Do not let the G-rating and the Disney label mislead you – this is an adult movie in the old-fashioned sense of the word, meaning that its story and themes will most appeal to adults and some teens. It gets a G rating because it does not have any of the usual triggers for a PG or PG- 13 rating. There are no four-letter words or nudity, and there is nothing in the movie that is likely to cause offense or trauma. Still, it is not for most younger kids, who will be bored and restless. Thoughtful middle- and high schoolers and adults, however, will find a lot to appreciate and talk about in this seemingly simple story of 73 year old Alvin Straight, who sets off to visit his estranged brother, after hearing that he has had a stroke.
Alvin uses two canes and cannot see well enough to drive. So he hitches a trailer to his riding mower and sets off on a 300-mile journey from Iowa to Wisconsin, encountering along the six-week drive a range of people, landscapes, and adventures.
Children who watch a lot of television and movies often develop what psychologists call the “mean world” syndrome. Based on what they learn about the adult world from the media, their estimates of the incidence of murder and corruption are distorted way out of proportion to reality. And our cautions about not talking to strangers contribute further to their sense that the world is a dangerous place. This movie is a nice antidote to that. Alvin meets an engaging assortment of people, including a teen- age runaway, a team of bicyclists, twin repairmen, and a man who spent his career working for John Deere, and is unfailingly treated with kindness and dignity. It is good to let kids know that they can meet strangers like that, and even better to let them know that they can be strangers like that.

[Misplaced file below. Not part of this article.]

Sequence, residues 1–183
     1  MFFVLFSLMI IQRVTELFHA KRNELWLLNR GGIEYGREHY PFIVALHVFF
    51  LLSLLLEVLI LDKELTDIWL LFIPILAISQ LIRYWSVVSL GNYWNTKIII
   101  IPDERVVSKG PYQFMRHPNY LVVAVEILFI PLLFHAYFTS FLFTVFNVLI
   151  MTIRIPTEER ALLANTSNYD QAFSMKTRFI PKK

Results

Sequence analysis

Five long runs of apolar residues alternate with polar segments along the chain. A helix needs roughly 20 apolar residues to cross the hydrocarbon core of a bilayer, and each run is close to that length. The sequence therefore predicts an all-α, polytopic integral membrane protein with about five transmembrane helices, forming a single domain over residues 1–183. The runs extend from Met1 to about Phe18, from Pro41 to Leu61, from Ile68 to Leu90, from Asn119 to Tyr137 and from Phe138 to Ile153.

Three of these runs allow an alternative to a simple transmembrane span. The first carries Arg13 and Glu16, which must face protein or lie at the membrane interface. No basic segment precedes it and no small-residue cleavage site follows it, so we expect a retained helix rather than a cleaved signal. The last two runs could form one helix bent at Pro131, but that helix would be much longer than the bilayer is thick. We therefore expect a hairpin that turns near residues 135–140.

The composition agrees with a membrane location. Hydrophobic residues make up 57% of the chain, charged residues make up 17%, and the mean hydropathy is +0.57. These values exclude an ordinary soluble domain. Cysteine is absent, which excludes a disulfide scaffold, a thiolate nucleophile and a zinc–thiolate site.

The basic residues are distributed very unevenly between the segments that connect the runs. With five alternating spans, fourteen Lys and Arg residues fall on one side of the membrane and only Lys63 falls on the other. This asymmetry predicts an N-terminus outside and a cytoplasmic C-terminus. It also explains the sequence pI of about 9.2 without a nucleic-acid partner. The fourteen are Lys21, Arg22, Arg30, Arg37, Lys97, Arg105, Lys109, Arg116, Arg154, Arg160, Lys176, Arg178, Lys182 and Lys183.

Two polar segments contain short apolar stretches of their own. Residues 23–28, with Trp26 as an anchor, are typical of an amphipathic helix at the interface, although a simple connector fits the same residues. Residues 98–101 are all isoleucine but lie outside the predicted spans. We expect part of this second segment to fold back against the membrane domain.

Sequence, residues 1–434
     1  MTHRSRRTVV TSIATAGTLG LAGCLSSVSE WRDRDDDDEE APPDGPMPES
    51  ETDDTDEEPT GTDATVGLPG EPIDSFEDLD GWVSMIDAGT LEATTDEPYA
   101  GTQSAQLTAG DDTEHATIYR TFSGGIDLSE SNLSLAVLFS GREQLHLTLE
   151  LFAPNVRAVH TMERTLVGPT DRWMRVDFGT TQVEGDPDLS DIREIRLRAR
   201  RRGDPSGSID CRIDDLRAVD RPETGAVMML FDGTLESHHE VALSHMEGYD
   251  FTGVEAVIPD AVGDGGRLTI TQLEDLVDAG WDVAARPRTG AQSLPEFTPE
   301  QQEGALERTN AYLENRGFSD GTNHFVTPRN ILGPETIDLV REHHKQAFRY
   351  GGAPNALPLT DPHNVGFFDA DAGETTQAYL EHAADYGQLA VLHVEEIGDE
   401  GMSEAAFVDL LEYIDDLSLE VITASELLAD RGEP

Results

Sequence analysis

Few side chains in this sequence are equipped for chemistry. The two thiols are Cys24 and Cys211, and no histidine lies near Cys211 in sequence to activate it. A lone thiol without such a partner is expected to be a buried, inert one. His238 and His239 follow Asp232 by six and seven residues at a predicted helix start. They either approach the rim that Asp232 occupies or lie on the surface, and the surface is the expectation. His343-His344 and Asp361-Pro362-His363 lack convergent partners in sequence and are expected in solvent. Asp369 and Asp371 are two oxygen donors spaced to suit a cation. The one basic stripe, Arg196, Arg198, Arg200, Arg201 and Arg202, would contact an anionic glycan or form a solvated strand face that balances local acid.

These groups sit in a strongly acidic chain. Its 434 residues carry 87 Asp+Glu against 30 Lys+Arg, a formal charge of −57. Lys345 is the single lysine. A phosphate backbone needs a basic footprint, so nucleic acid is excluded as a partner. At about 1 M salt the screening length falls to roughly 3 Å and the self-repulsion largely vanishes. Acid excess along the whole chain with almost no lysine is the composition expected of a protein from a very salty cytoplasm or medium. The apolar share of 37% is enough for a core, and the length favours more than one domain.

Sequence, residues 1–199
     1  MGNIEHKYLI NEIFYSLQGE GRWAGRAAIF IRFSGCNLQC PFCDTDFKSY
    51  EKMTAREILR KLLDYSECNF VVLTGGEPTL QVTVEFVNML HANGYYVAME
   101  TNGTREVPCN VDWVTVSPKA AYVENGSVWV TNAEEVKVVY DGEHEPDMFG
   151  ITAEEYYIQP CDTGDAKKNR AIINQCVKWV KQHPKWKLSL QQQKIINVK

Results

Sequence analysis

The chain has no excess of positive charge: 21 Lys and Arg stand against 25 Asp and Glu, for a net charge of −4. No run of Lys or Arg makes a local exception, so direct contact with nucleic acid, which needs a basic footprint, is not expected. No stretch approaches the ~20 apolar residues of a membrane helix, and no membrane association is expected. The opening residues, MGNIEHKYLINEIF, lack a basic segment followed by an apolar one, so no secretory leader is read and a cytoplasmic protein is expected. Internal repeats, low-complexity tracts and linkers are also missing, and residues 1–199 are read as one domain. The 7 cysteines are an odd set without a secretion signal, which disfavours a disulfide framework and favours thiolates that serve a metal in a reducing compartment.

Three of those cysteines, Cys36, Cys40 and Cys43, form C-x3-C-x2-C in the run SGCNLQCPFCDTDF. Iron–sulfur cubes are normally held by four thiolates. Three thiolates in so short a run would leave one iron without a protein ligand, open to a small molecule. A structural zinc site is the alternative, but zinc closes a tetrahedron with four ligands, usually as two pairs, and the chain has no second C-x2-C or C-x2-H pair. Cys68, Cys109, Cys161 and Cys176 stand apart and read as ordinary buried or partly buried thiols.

The essential decency of all of the movie’s characters is a good subject for family discussion. So are his comments on family. Hoping to get to his brother in time, he speaks feelingly to people he meets about the importance of the bond between siblings. This is a point that is always worth raising to kids who think that there may never be a day when they will have more to talk to their brothers and sisters about than whose turn it is to empty the dishwasher.